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The Loveable Longhaired Dachshund
DogsBreeds

The Loveable Longhaired Dachshund

Ellie, Critter Culture Staff
Updated Oct 22, 2020

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If you aren’t familiar with the dachshund breed, you’d never guess that behind that alert, sweet disposition is the perseverance and courage of a much larger dog. Originally bred to hunt down badgers, these dogs still carry the highly developed senses and independent, devoted nature of their ancestors. The longhaired dachshund is one of three coat varieties within the dachshund breed and, like the other coat types, has two different sizes: standard and miniature.

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1

Longhaired dachshunds have a loving temperament

Long-Haired Dachshund, Dog running on Grass slowmotiongli / Getty Images

Breed experts observe that, as a rule, longhaired dachshunds tend to be more easygoing and obedient than smooth or wirehaired dachshunds. Even though they’re usually calm and quiet housemates, they may also exhibit their stubborn streak on occasion. Dachshunds are excellent family pets and their intelligent, playful, sometimes silly nature makes them great companions for children. But the dachshund is a one-person dog as a rule. They’ll love everyone in the household including other pets, but they’ll usually bond with one favorite human.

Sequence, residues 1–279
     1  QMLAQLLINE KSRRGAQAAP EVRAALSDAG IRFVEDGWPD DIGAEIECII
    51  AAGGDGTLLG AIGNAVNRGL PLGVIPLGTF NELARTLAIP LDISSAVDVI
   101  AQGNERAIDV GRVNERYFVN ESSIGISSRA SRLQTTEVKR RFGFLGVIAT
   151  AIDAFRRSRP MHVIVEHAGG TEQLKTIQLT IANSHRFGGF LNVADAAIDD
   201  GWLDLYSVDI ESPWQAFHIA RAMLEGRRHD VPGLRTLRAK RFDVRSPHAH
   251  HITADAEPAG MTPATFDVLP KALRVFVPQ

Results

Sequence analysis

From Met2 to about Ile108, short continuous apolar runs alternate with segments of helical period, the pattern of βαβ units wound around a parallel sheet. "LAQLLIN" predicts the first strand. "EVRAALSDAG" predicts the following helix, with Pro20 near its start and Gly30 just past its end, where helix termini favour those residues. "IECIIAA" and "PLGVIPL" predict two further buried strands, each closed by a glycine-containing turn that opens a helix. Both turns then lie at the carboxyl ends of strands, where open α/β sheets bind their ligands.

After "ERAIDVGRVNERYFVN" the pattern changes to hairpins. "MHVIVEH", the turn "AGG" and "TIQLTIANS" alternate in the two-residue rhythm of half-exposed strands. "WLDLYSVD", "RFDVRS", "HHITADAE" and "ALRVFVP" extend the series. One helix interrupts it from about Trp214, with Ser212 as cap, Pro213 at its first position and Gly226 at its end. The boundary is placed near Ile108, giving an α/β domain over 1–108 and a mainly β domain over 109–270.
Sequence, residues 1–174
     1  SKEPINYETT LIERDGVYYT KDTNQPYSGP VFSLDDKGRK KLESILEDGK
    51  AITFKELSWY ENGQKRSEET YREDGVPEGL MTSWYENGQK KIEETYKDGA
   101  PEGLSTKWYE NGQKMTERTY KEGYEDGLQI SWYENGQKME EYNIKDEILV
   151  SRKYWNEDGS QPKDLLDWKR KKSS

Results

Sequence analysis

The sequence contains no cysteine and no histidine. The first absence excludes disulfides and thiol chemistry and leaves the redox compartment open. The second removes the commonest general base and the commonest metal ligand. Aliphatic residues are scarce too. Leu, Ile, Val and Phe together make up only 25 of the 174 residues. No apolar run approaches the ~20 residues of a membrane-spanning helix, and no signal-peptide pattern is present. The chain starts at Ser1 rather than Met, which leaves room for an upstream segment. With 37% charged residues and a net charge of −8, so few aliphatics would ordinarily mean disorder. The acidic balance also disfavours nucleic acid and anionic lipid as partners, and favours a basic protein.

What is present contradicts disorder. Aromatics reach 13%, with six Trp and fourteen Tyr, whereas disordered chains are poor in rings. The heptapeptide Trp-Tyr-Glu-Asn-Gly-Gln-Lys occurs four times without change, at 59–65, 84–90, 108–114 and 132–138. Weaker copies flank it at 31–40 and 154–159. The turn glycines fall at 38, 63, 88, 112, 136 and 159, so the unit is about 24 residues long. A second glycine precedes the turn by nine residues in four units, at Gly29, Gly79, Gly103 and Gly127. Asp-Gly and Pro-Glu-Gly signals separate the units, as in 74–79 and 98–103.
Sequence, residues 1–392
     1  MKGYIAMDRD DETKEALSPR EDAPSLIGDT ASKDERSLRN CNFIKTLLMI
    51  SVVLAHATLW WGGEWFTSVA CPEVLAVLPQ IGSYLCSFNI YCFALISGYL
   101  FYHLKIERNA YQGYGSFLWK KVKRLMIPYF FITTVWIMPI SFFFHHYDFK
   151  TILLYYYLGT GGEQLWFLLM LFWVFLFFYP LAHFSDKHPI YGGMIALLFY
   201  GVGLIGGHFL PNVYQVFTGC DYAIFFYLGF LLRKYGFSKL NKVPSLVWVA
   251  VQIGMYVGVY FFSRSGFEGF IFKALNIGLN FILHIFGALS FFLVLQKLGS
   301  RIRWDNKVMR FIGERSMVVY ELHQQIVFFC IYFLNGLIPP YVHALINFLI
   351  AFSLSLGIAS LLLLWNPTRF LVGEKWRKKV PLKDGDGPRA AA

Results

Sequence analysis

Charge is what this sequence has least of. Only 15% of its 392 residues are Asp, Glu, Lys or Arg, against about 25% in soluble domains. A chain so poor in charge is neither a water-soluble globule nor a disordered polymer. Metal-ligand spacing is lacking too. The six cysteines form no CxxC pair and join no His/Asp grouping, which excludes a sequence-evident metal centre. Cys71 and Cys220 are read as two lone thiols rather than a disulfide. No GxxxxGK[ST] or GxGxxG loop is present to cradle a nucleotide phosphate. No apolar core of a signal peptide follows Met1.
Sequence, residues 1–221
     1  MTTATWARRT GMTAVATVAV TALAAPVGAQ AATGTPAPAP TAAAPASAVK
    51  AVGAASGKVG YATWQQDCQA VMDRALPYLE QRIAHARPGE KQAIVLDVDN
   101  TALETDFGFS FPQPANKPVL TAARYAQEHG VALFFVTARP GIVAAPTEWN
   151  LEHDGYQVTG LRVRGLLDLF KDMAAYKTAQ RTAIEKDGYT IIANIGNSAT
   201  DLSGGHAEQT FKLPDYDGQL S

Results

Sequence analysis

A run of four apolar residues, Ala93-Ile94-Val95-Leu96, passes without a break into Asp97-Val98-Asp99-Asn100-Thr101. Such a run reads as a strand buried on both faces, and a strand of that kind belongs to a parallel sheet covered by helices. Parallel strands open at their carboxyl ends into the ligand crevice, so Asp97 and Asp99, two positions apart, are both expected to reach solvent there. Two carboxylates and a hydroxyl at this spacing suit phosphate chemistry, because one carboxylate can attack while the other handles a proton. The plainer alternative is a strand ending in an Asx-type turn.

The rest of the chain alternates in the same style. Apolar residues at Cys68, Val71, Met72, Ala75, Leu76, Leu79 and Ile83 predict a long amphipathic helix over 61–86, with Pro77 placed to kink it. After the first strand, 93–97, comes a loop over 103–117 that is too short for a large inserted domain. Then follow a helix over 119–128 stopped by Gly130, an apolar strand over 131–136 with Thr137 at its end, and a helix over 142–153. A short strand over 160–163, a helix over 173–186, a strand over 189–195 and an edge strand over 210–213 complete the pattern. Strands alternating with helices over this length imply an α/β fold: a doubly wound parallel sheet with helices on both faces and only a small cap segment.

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2

They can be small to medium-sized

standard miniature adulthood longhaired dachshunds slowmotiongli / Getty Images

The standard size grows to between 8 and 9 inches in height at the shoulder. Once they reach adulthood, normal weight is between 16 and 32 pounds. Miniatures are between 5 and 6 inches at the shoulder and weigh up to 11 pounds. People immediately recognize the dachshund’s long body and short legs, but they may not be as familiar with the wirehaired or longhaired coat types.

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3

Keep your grooming brush handy

longer hair tail legs dachshund slowmotiongli / Getty Images